Ovamboland, also referred to as Owamboland, was a Bantustan in the old South West Africa (present-day Namibia), intended by the apartheid government to be a self-governing homeland for the Ovambo people.

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The term originally referred to the parts of northern Namibia inhabited by the Ovambo ethnic group, namely the area controlled by the traditional Ovambo kingdoms in pre-colonial and early colonial times, such as Ondonga, Ongandjera, and Oukwanyama. Owambo, like other homelands in South West Africa, was abolished in May 1989 at the start of the transition to independence. The region is now commonly referred to as The North but the term Ovamboland is still in use. More than half of the entire population lives here on just 6% of the Namibian territory.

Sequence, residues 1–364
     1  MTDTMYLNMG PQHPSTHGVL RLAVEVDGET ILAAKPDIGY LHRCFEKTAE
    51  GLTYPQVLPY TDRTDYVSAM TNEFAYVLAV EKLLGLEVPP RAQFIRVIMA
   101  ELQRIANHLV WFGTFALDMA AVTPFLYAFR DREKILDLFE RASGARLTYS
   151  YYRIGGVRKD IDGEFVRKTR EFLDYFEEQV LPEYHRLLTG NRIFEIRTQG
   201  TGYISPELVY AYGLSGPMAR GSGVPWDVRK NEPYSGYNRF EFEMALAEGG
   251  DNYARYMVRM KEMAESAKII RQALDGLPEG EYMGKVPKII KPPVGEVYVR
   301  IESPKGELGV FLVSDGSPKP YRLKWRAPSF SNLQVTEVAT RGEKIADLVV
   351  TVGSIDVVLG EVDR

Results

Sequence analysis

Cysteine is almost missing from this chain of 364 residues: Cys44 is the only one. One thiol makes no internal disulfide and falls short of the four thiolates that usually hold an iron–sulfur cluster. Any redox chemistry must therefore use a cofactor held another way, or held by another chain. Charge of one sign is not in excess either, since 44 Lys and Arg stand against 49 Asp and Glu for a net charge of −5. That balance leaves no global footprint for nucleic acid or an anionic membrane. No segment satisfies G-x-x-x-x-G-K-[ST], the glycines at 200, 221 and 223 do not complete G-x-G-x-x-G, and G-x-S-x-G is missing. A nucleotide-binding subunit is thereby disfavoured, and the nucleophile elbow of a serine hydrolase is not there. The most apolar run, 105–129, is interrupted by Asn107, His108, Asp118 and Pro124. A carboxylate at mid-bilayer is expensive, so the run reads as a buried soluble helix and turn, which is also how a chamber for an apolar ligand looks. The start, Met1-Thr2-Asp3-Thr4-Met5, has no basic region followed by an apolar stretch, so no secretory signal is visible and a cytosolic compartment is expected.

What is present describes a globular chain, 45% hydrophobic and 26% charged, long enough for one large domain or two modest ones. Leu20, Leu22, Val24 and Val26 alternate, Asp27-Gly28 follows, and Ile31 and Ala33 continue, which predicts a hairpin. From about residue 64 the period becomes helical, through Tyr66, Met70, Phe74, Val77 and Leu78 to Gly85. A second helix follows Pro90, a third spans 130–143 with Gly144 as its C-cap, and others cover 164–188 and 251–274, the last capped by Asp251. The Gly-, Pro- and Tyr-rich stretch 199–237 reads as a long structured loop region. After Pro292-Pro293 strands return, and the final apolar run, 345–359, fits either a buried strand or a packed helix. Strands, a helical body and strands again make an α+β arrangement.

Communal tourism here is still in the fledgling stages. However, an increasing number of indigenous people are starting to take fate into their own hands by getting actively involved in the tourism industry. One such example is the Ongula Traditional Homestead Lodge near Ohangwena. Built within the boundaries of an active homestead, Ongula is the first lodge in Namibia to introduce visitors to the authentic, traditional lifestyle of the Ovambo, the largest cultural group in the country. Stopping over at Ongula is a definite “must” when travelling the area north of Etosha National Park!

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